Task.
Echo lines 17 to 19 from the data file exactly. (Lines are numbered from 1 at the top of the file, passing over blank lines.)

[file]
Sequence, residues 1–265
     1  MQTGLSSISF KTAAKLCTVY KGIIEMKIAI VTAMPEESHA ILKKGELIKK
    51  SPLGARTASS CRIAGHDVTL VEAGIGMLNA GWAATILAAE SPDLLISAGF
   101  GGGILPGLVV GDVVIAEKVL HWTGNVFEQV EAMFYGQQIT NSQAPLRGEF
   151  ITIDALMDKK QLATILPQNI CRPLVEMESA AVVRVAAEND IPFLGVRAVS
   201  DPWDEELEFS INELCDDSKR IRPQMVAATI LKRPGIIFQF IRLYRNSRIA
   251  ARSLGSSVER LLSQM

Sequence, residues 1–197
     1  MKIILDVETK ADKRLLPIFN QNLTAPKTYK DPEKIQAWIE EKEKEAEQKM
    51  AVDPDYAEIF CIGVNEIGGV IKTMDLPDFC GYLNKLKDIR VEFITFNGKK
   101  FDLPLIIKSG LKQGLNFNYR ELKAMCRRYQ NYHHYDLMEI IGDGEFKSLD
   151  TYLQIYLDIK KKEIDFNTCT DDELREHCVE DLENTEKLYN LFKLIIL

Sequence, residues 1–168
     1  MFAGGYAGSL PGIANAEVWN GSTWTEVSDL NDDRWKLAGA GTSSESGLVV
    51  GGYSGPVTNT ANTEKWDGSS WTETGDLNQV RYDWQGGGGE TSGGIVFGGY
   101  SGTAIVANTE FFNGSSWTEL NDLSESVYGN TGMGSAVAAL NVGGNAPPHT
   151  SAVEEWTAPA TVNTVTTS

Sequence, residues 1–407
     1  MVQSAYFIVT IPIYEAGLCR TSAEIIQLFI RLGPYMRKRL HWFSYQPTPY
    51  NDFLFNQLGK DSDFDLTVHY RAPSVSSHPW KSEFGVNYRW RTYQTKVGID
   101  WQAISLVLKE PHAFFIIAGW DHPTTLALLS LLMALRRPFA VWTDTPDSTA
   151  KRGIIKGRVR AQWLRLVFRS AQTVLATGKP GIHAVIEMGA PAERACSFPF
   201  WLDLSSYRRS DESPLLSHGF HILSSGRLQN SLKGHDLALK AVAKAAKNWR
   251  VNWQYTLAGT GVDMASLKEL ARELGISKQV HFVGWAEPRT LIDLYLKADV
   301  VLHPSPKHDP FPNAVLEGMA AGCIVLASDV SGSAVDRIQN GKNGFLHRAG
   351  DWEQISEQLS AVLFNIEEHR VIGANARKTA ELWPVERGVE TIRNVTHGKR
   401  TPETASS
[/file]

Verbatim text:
   151  SAVEEWTAPA TVNTVTTS

Sequence, residues 1–407
     1  MVQSAYFIVT IPIYEAGLCR TSAEIIQLFI RLGPYMRKRL HWFSYQPTPY